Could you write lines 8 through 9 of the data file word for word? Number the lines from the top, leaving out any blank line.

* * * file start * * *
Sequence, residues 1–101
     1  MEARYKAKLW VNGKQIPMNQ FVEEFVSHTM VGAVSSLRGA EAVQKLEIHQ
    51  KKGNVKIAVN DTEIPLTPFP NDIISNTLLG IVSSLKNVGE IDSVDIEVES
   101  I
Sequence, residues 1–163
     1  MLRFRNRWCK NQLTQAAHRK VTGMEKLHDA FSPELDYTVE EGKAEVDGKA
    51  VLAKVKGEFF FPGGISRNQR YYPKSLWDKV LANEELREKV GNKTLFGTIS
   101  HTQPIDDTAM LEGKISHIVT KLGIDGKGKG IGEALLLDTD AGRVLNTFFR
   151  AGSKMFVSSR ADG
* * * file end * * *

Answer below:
   101  HTQPIDDTAM LEGKISHIVT KLGIDGKGKG IGEALLLDTD AGRVLNTFFR
   151  AGSKMFVSSR ADG